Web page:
Craigslist filed a first amended complaint on November 20, 2012. In this amended complaint, craigslist added seven additional claims, for a total of 17. The claims were as follows (with new claims in italics)

  1. Trespass: Defendants have gained unlawful access to and interfered with craigslist's computer system, servers, and network.
  2. Breach of Contract: Defendants affirmatively accepted and agreed to be bound by the Terms of Use, which they willfully, repeatedly and systematically breached by accessing the craiglist website to copy and distribute the content posted therein.
  3. Misappropriation: As competitors with craigslist, Defendants wrongfully accessed craigslist's website and computer systems to make craigslist's content available to their customers, constituting free-riding on craigslist's substantial investment of time, effort, and expense.
  4. Copyright Infringement: Defendants reproduced and distributed the copyrighted material on the craigslist website without authorization from the copyright holder, craigslist.
  5. Contributory Copyright Infringement (against 3taps): 3taps provides its users with copies and derivative works of craigslist's copyrighted works without craigslist's consent, and knowingly permits its users to copy, reproduce, and prepare derivative works from the copyrighted works.
  6. Federal Trademark Infringement: Defendants' unauthorized use of the CRAIGSLIST mark in interstate commerce in connection with the sale or advertising of goods is likely to cause consumer confusion.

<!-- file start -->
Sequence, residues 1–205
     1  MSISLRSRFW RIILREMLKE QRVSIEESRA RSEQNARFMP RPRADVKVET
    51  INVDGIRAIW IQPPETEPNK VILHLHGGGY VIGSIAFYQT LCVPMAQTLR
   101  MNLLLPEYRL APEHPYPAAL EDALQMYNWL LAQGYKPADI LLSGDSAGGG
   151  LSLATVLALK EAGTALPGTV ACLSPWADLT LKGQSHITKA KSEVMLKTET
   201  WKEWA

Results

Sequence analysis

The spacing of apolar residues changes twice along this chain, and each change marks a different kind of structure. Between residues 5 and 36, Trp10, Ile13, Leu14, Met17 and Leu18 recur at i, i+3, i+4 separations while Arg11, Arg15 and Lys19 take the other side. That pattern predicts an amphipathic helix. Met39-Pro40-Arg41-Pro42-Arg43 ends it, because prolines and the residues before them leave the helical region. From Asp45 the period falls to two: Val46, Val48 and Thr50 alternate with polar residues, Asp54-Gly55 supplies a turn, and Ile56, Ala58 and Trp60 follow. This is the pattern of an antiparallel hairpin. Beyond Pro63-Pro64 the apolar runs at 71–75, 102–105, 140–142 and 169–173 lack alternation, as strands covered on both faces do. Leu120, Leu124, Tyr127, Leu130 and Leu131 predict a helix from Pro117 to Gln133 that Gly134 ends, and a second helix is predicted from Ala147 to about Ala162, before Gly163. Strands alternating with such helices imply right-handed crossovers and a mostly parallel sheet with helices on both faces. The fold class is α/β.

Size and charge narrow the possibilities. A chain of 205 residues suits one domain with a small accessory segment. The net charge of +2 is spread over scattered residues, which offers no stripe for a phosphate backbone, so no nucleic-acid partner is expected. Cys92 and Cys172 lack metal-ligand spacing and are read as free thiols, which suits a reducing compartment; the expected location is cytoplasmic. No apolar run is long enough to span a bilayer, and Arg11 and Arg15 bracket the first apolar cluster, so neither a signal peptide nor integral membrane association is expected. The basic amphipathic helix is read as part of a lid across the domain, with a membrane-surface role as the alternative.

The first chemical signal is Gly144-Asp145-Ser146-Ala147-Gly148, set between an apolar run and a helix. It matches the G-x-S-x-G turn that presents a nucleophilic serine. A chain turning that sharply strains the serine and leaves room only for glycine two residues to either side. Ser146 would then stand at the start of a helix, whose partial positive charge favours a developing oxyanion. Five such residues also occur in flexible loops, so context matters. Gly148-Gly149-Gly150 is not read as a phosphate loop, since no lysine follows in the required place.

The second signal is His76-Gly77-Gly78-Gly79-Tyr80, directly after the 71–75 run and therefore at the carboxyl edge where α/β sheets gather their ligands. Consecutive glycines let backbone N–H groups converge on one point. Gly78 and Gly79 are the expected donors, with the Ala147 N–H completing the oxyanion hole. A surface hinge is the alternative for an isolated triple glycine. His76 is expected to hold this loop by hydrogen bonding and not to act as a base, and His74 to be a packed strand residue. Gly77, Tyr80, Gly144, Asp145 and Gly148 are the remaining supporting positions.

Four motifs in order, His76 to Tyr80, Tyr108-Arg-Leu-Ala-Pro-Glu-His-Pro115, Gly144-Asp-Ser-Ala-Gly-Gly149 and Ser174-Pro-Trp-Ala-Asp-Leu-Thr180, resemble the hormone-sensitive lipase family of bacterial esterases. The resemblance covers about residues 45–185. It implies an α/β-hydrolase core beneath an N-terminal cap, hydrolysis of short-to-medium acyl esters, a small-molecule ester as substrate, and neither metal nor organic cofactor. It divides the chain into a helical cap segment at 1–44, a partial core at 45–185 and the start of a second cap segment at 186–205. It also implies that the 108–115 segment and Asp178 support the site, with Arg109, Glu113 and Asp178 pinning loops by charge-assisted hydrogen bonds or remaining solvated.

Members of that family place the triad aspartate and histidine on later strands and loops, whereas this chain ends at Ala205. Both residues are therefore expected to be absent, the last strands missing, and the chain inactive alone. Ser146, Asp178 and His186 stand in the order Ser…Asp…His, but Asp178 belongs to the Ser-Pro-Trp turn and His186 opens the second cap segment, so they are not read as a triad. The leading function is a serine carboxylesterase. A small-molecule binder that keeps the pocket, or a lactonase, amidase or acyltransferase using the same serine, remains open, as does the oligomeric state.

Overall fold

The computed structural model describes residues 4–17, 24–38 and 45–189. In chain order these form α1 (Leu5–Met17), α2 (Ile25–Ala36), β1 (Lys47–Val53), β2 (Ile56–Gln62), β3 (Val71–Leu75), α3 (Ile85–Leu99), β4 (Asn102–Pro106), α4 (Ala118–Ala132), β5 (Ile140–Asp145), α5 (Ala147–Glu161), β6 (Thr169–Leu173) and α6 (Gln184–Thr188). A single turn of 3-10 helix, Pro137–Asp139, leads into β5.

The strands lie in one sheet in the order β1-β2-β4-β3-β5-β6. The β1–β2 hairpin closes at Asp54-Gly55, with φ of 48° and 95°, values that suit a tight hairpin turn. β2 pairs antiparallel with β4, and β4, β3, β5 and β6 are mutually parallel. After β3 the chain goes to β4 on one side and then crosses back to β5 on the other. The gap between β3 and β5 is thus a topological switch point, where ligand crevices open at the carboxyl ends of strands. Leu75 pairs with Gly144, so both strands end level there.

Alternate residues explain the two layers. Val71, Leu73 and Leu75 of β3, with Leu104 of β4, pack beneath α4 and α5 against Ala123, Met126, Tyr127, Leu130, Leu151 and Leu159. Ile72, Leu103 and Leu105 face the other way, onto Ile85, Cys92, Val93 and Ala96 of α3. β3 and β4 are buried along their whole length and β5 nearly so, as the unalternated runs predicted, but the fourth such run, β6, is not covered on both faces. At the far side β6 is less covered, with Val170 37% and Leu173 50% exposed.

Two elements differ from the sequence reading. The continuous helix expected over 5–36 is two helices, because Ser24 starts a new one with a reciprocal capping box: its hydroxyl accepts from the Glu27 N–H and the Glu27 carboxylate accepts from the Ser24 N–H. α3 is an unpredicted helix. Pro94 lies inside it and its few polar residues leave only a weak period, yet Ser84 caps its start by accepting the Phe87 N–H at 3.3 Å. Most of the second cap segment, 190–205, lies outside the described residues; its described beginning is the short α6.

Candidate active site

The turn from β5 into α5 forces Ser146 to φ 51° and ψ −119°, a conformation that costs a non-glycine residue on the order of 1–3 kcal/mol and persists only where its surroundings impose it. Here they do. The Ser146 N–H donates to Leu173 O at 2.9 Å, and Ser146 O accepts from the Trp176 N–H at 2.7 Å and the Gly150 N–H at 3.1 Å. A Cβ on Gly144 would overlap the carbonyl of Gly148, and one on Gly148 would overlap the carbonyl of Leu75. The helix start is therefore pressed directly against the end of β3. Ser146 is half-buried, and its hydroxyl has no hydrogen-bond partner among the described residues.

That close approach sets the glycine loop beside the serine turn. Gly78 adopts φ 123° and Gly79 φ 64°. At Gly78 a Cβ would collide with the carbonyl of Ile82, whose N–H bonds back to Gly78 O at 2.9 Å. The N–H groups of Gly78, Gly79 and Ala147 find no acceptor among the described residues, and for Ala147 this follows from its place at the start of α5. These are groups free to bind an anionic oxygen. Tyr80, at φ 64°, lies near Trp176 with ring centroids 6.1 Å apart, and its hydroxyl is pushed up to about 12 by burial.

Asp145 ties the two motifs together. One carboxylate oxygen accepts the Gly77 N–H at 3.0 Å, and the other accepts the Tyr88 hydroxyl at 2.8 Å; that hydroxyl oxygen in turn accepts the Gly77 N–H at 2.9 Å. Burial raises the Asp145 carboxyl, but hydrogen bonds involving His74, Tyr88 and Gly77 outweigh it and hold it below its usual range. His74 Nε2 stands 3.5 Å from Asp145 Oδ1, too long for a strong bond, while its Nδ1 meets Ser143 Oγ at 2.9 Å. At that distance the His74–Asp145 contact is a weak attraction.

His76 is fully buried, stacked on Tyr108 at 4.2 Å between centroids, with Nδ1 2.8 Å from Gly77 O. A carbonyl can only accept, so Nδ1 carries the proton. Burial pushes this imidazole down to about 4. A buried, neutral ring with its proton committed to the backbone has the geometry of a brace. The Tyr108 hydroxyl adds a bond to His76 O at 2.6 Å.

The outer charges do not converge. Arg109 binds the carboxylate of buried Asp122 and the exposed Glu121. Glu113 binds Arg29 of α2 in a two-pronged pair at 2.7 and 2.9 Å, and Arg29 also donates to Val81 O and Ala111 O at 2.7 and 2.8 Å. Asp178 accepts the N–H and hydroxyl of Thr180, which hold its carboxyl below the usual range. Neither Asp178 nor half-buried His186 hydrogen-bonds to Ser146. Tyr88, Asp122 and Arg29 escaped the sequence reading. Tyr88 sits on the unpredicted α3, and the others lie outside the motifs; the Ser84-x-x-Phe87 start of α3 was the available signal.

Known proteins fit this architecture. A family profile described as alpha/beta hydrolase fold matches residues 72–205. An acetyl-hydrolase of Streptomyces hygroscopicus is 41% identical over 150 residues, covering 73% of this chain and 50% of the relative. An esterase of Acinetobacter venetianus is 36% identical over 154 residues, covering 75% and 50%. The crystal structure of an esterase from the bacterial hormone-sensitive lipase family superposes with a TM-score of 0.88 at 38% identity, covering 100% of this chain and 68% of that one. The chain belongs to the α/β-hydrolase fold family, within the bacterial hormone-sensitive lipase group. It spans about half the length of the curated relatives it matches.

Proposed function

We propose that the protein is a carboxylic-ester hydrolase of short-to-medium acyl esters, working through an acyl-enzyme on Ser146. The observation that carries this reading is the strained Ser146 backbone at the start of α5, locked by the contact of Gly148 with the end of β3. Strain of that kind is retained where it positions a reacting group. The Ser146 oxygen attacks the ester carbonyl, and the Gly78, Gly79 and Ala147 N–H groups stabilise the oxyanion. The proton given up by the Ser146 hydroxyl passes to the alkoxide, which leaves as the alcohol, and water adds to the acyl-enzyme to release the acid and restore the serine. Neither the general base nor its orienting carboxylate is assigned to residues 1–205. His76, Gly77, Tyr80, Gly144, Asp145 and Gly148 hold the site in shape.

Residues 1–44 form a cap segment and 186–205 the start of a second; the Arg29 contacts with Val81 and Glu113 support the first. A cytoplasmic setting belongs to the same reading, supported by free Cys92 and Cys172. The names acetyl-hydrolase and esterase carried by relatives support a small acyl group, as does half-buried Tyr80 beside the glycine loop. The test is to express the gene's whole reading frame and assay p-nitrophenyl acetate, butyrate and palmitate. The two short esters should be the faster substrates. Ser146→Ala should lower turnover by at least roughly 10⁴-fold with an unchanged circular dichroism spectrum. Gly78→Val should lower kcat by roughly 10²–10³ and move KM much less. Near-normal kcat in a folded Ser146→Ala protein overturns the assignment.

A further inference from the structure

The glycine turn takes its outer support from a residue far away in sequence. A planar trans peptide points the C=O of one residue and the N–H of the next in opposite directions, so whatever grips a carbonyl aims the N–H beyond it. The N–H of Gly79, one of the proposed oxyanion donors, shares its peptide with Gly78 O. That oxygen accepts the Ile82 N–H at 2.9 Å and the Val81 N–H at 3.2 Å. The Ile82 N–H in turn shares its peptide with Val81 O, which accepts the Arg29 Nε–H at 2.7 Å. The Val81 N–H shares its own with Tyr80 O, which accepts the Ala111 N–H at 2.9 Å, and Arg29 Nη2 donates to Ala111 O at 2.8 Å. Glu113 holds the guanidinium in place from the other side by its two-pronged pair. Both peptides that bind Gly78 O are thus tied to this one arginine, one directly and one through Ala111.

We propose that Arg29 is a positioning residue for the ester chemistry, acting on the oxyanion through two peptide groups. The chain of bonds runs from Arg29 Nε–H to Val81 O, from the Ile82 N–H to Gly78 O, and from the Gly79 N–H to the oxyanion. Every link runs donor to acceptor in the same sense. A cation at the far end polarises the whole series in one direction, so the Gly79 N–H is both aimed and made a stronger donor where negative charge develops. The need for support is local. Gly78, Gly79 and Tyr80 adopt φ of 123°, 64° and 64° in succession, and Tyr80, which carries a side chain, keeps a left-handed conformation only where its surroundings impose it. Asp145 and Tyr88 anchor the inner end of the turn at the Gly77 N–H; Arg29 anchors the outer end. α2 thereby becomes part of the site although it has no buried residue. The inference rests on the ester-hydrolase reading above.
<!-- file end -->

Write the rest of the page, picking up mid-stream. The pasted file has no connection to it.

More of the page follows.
7. Federal False Designation of Origin: Defendants' unauthorized use of the CRAIGSLIST mark is likely to create the false and misleading impression that Defendants' products or services are provided or sponsored by craigslist.
  8. Federal Dilution of a Famous Mark (against 3taps): CRAIGSLIST is a famous and distinctive mark, and 3taps' use of the mark is likely to cause dilution by blurring, particularly depleting the strength of the mark by impairing its distinctiveness.
  9. Federal Cyberpiracy Prevention (against 3taps): 3taps' use of CRAIGGERS in the craiggers.com domain is confusingly similar to and dilutive of the famous, registered CRAIGSLIST mark.
  10. California Trademark Infringement: Defendants' unauthorized use of the CRAIGSLIST mark in connection with the sale or advertising of goods/services in California is likely to cause confusion as to the source and/or sponsorship of the goods/services.
  11. Common Law Trademark Infringement: Defendants' unauthorized use of the CRAIGSLIST mark is likely to cause confusion as to the source and/or sponsorship of the goods/services.
  12. California Unfair Competition: Defendants have engaged in unfair business practices, injuring craigslist's business, reputation, and trademarks.
  13. Violations of the Computer Fraud and Abuse Act: Defendants accessed craigslist's computers and servers without authorization or in excess of authorization and obtained valuable information in transactions involving interstate or foreign communications.
  14. California Comprehensive Computer Data Access and Fraud Act: Defendants accessed and copied data from craigslist's computer systems and servers without authorization.